Like humans learning to speak, juvenile birds learn to sing by mimicking vocalizations of adults of the same species during development. Juvenile birds preferentially learn the song of their own species, even in noisy environments with a variety of different birdsongs. But how they can recognize their species’ song has, until now, remained a mystery.
“We co-designed an experiment that works within the constraints of neuroscience while satisfying the requirements of physics,” says Professor Mahesh Bandi, head of the Collective Interactions Unit at OIST.
Dr. Makoto Araki and Professor Yoko Yazaki-Sugiyama of OIST’s Neuronal Mechanism for Critical Period Unit and Professor Bandi performed a cross-fostering experiment in which juvenile zebra finches were raised by Bengalese finch foster parents to examine how their birdsong develops under the tutoring of a different species. Birdsong is comprised of stereotypical repeats of a few syllables, called ‘song motifs’, in which syllables are separated by silent gaps. reveal that the fostered zebra finches learned morphologies of Bengalese finch syllables, including syllable duration, but transposed onto zebra finch silent gap patterns. This suggests that temporal gaps between syllables are innate, while syllable morphology can be learned.
“The fostered zebra finches sang the Bengalese finch song with a zebra finch accent,” says Professor Yoko Yazaki-Sugiyama.
To determine the neural basis of this innate species detection mechanism, the researchers recorded the activity of neurons in the auditory cortex of adult zebra finch brains during exposure to birdsong. They discovered a first set of neurons which registered temporal gaps of zebra finch songs, as well as a separate second set of neurons that are responsive to syllable morphology.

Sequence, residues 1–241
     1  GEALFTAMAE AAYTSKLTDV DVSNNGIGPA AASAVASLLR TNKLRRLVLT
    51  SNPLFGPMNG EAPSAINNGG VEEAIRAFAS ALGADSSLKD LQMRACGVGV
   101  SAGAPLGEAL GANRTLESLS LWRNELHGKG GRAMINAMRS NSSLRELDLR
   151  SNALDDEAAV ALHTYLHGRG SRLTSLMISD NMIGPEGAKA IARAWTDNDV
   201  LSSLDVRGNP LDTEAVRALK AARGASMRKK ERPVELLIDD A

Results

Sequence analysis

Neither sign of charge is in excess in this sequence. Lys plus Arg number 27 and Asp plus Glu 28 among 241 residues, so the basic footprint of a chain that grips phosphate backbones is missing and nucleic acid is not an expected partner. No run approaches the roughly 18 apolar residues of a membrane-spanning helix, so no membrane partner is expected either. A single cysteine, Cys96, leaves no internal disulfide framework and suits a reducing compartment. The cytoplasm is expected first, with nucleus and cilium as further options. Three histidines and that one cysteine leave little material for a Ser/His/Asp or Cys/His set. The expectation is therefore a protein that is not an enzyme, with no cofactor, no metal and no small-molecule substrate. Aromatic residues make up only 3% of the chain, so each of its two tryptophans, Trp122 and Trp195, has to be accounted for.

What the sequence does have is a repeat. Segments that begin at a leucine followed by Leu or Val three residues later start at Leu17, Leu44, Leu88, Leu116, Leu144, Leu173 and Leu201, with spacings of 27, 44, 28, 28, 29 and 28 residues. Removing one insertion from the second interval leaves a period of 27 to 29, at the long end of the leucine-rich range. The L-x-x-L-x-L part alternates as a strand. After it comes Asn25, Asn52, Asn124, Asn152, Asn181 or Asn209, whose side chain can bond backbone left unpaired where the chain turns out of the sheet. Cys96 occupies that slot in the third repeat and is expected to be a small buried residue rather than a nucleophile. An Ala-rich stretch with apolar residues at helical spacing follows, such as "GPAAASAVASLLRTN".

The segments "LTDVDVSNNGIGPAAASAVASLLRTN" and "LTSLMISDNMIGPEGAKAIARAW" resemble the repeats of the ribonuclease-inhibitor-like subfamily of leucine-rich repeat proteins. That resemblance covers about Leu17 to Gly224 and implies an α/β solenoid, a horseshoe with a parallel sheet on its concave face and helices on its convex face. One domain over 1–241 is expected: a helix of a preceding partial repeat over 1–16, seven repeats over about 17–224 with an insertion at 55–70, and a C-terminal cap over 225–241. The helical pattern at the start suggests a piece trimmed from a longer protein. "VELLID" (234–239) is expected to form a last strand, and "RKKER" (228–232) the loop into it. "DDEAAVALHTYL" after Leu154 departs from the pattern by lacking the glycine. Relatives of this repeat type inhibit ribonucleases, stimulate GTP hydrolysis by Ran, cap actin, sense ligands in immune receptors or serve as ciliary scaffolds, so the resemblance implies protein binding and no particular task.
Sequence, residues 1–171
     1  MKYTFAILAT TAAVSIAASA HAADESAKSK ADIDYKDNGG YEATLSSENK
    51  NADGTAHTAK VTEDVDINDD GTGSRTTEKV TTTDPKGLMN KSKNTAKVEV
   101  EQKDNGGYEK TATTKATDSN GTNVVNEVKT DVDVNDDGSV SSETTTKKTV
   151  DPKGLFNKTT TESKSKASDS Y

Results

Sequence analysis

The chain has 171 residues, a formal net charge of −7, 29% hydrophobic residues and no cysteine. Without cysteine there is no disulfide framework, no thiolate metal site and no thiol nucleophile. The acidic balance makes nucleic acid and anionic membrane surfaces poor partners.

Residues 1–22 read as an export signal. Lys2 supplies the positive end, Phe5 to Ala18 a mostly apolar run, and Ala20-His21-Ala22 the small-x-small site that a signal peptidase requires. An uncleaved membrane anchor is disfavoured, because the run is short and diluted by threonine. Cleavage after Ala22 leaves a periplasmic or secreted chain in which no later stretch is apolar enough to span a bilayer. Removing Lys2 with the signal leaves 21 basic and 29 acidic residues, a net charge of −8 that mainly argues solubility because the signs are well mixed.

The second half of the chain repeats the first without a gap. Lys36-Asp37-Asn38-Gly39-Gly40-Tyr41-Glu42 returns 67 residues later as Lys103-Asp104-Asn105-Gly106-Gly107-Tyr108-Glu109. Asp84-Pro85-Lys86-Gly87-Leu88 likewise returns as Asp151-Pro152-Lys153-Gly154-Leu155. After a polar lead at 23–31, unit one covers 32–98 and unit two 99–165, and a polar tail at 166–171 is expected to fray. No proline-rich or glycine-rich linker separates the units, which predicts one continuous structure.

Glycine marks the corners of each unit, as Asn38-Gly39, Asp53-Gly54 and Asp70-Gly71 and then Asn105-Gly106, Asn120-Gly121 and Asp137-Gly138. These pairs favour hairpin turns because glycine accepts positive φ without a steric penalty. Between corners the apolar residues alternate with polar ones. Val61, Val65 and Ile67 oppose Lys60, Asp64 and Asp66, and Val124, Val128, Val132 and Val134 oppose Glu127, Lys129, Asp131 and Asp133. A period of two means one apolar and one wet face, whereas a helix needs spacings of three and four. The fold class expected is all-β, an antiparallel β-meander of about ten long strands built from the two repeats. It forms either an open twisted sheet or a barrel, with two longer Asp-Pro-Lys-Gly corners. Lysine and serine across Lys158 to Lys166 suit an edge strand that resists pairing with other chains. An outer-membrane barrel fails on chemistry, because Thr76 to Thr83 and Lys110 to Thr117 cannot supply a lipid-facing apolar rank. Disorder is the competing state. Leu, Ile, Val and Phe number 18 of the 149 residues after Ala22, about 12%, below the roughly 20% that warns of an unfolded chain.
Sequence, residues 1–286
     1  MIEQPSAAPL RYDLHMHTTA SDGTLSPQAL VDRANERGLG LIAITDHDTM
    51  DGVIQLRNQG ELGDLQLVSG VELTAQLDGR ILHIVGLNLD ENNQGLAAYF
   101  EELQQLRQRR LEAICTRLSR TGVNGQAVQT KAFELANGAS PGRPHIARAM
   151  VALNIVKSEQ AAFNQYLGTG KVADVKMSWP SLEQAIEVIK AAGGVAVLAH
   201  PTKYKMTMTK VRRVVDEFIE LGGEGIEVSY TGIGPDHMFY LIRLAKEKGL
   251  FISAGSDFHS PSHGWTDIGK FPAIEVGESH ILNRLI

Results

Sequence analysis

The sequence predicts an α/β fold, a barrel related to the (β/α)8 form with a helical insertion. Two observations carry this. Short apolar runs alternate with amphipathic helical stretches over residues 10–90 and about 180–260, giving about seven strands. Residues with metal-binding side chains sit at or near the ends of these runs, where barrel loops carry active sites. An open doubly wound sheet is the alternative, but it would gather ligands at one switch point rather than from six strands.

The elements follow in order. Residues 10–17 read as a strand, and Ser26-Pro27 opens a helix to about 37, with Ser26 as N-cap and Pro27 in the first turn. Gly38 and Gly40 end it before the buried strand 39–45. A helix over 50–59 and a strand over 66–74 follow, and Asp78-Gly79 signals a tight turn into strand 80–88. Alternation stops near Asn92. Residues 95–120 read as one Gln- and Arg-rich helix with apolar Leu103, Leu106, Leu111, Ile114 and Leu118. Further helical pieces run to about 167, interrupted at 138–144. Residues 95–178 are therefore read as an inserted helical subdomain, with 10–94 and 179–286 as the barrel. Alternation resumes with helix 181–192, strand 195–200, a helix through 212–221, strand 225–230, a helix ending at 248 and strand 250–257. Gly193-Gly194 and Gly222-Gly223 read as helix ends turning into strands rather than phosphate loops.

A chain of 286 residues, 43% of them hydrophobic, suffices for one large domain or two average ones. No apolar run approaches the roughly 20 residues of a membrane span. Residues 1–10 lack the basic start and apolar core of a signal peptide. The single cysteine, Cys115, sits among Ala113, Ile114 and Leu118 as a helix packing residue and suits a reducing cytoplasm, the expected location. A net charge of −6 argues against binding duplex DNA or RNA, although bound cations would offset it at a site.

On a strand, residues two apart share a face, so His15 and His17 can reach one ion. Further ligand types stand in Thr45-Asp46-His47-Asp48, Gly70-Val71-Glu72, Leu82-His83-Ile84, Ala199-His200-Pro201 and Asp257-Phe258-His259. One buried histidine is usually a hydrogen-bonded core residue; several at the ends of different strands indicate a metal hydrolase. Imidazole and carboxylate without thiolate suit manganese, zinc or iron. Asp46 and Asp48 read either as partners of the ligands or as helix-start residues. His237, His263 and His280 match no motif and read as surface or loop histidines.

Using trains of song syllables or white noise separated by silent intervals of varying lengths, they discovered that the first set of neurons are most sensitive to silent gaps with the same duration as the silent gaps found in natural zebra finch song. The neurons did not respond to syllable trains if the duration between syllables was too short or too long. This phenomenon persisted in juvenile zebra finches raised in isolation or cross-fostered by Bengalese finch parents.
This first set of neurons responded strongly to natural zebra finch song. They neither responded to artificial zebra finch song in which the duration of the silent gaps between syllables had been increased, nor to the songs of other species. Together these findings support the existence of neuronal mechanisms that use silent gaps between syllables of birdsong to detect songs of the same species during learning.
“This first set of neurons operate as a kind of neural barcode reader,” says Professor Yazaki-Sugiyama.
Each male zebra finch has to develop a unique song that is different from other zebra finches, while maintaining species specific identity. Parallel processing of syllable morphology and temporal silent gaps between syllables discovered by OIST researchers could help explain how these two competing criteria are satisfied.
Decades ago, researchers at Bell Laboratories seeking to boost telecommunication channel capacity developed tools in voice activity detection as well as Information Theory. This collaborative team work by researchers from different disciplines applied Information theoretic tools and discovered similar strategies are hardwired in bird brains to recognize and learn songs of their own species. These findings tell us there is information in silence.